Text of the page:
Chelsea Market, NYC

The hangout of the Fashionistas and the birthplace of the Oreo Cookie seemed like an interesting place to visit in the Chelsea neighbourhood of downtown Manhattan.


Over 6 million tourists visit the Chelsea Market undercover food halls each year, which is quite a flabbergasting number when you think of it. I had my second ever taxi ride to here, and I soon realised that due to the cost of these yellow cabs, it would soon be my LAST ride! Anyway, away from the hustle and bustle of Times Square, and away from the luxury brands of Fifth Avenue, Chelsea Market may very well be the alternative retail and food & beverage destination in the city.




I hadn’t really planned to visit Chelsea Market in New York, as there are so many other things to do here that you simply cannot spend too much time shopping! However, I was tipped off by a friend that I might enjoy the kitschy, laid-back nature of the area just off Ninth Avenue, so I spent a good half hour taking a look myself. Chelsea Market reminded me of Covent Garden in London; it just looks and feels the same, although here in NYC it is all undercover.


Manhattan Clam Chowder
Manhattan Clam Chowder
Key Lime Pie from Chelsea Market, NYC
Key Lime Pie from Chelsea Market, NYC

Aside from modern art and surprisingly good quality clothing (not that I’m a fashionista by any means!), there is also the chance to enjoy some nice deli and bakery items in the market. Chelsea Market opens really early and closes very late (I think 7am-8pm) so there’s always a big breakfast rush for the tourists and the sellers who have tenancies here. I discovered a delightful New York dish called Manhattan Clam Chowder, after which I had some dessert called Key Lime Pie. I am interested in American pies, and Key Lime Pie is one the more famous ones. Originating from Florida, and using the famous Key West limes, the Key Lime Pie is AMAZINGLY SWEET, and is a perfect accompaniment to any main dish. The chowder was fantastic, though the highlight of my Chelsea Market munching was obviously the pie!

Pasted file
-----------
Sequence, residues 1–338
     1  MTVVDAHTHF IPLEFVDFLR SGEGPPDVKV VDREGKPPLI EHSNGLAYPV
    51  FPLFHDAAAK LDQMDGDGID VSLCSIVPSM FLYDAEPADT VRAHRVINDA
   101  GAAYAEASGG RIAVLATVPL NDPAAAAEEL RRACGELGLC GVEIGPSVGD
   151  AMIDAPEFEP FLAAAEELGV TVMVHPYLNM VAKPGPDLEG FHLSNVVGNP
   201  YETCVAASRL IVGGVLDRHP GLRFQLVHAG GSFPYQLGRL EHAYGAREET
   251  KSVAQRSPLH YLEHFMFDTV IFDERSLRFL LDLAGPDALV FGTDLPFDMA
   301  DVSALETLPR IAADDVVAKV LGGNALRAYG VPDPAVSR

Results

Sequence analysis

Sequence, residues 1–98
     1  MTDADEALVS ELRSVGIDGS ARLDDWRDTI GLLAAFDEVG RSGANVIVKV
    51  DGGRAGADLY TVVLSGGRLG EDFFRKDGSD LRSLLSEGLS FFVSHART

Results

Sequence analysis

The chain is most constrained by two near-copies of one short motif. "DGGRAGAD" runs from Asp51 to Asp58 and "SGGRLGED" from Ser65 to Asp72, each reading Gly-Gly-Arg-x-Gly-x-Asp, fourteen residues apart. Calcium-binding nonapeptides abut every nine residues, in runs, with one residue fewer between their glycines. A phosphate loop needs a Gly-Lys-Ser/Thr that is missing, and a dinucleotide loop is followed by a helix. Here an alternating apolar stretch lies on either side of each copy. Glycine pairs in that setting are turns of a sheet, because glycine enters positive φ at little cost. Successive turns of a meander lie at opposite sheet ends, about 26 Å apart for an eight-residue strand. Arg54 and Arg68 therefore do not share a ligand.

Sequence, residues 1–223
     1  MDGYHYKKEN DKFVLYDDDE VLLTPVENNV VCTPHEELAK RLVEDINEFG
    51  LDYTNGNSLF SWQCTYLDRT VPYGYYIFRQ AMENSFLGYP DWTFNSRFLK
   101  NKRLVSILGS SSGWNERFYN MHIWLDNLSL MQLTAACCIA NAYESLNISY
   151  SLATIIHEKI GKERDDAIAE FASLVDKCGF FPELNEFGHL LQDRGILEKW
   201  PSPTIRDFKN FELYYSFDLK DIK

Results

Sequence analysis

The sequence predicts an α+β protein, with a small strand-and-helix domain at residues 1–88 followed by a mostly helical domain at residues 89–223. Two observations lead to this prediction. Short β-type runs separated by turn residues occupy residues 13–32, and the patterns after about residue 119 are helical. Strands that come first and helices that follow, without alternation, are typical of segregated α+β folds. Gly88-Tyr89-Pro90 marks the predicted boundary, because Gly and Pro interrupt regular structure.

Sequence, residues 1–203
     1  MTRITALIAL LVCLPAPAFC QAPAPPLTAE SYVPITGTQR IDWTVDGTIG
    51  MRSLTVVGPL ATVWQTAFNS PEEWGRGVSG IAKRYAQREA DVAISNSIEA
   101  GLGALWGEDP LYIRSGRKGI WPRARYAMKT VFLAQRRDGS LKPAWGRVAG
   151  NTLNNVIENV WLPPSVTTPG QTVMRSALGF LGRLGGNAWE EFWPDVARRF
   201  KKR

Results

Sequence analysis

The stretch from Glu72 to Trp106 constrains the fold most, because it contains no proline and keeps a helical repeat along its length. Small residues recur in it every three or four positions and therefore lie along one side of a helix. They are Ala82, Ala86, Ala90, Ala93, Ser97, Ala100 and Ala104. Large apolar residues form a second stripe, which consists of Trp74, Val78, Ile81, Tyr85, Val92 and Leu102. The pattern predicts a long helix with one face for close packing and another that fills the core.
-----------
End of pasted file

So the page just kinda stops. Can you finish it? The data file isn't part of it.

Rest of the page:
Close by to Chelsea Market is an elevated garden known as The High Line, which is a converted railway line that now is a public park. New York doesn’t have too many green spaces (well, apart from Central Park – duh!) so it’s nice to see architects using space like that to make the city a little greener and cleaner. It is rather small, but it is well located, and it looks down upon the area surrounding Chelsea Market. You should try to get up here after your little undercover escapade!

Overall, Chelsea Market may not be for everyone, just like Covent Garden may not be for everyone when in London. However, even if you’re not a fan of the arts, nor a fan of fashion, then try to check out some of the amazing little snacks foods here – it really is a treasure trove of American food!

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